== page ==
The other that struck me was Bail for Immigration Detainees which goes into one of the darkest recesses of UK taxpayer-funded public services and tries to get immigration or asylum detainees out on bail. Their descriptions of some of what is done in our name are pretty horrifying.
The obvious thought is to plug them in to each other so UK immigration detainees can photograph their condition so we're more aware of their suffering, and question whether its necessary. But no - not only are no cameras allowed in, but even diaries kept by detainees are confiscated. So the IND is switched on to the power of sousveillance, but only to the extent it tries to stamp it out. But, as Menwith Hill protester Lyndis Percy put it "you can't suppress the human spirit."
Wouldn't it be better if...we delivered public services in such as way that honest and transparent reporting of what it's really like at the receiving end was just a normal and constructive feature of life. Pictures, reports, diaries and accounts of life on the receiving end would reinfirce our pride in what is done in our name and on our behalves with our tax monies, and occasionally pointing to where things could be a bit better. Public servants, especially those entrusted with looking after the vulnerable or people rightly or wrongly deprived of their liberty, would be aware at all times that how they treat the public is a legitimate matter for public interest; mindful of this they would always act accordingly. "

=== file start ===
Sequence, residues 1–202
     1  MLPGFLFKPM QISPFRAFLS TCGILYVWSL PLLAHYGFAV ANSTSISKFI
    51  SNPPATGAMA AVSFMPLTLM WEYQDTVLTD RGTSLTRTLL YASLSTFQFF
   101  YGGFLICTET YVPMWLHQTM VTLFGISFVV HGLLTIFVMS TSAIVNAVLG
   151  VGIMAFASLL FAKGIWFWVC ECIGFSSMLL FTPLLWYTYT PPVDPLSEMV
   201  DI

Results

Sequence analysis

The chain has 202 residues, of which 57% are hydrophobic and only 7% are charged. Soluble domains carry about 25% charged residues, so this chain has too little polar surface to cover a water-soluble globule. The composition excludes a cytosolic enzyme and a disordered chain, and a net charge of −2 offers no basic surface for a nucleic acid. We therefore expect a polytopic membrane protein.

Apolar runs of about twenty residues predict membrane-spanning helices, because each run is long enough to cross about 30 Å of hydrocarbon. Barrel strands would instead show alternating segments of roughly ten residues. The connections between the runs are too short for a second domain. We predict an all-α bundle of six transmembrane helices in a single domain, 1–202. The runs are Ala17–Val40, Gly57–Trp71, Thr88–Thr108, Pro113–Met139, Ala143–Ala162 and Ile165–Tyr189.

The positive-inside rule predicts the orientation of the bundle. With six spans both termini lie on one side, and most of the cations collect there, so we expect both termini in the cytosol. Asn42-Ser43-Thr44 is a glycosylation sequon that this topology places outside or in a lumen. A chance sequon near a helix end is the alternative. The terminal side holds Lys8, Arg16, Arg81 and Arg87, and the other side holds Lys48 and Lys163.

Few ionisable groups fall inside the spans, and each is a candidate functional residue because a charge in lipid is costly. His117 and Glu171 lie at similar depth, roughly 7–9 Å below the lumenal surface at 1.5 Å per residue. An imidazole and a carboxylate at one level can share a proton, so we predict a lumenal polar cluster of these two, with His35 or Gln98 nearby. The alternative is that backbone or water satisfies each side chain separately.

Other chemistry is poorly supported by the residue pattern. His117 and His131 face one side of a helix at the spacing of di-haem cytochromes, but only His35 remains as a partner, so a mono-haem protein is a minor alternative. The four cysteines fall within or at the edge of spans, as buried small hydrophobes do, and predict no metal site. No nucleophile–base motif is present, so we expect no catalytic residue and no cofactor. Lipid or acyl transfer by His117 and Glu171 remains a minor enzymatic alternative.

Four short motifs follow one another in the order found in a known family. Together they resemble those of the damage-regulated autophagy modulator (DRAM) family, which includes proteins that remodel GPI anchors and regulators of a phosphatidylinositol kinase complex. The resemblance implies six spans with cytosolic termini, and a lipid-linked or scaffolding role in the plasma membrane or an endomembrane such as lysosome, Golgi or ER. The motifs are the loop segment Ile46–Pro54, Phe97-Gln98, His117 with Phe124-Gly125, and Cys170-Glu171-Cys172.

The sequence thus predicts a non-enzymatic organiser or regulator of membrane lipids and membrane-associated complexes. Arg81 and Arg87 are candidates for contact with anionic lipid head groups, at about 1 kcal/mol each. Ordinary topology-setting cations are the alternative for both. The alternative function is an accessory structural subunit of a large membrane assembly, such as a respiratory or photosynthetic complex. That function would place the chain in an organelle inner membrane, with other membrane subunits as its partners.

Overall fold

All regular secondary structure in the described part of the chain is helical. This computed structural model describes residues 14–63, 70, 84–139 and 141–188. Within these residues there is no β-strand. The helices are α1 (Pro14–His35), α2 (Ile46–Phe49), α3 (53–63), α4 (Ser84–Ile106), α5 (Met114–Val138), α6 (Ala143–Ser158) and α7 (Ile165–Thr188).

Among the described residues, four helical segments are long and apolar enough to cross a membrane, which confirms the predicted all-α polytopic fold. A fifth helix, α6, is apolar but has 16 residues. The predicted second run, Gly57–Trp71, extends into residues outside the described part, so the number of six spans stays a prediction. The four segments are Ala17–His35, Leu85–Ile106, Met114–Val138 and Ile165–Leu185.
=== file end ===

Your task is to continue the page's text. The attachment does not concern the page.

"Increasingly, government officials and agencies can impose severe penalties, bypassing the normal legal process. This is portrayed as "streamlining," "modernising," "reducing costs" etc. However, there seems to be very little concern about people who are wrongly accused or punished in this way. The traditional legal process has evolved checks & balances, safeguards & appeal processes. Aspects of the legal process are unsatisfactory, but it's surprising that a government composed largely of lawyers should seek to bypass the legal process rather than improve it.
People wrongly caught by these extra-judicial penalties currently get very little sympathy or compensation from our over-powerful state. This failure of government to acknowledge or to take responsibility for errors bodes very badly for the introduction ID cards...
we have a government IT system which relies on gossip, confuses people who have similar names, and wrecks people's lives: Innocent people whose reputations are sullied by this process get very little redress.
Doesn't sound Ideal.
Compared with previous processes and precautions, what has the CRB achieved?
1. Where at all possible, the traditional legal process should be followed.
2. The traditional legal process should be improved rather than bypassed.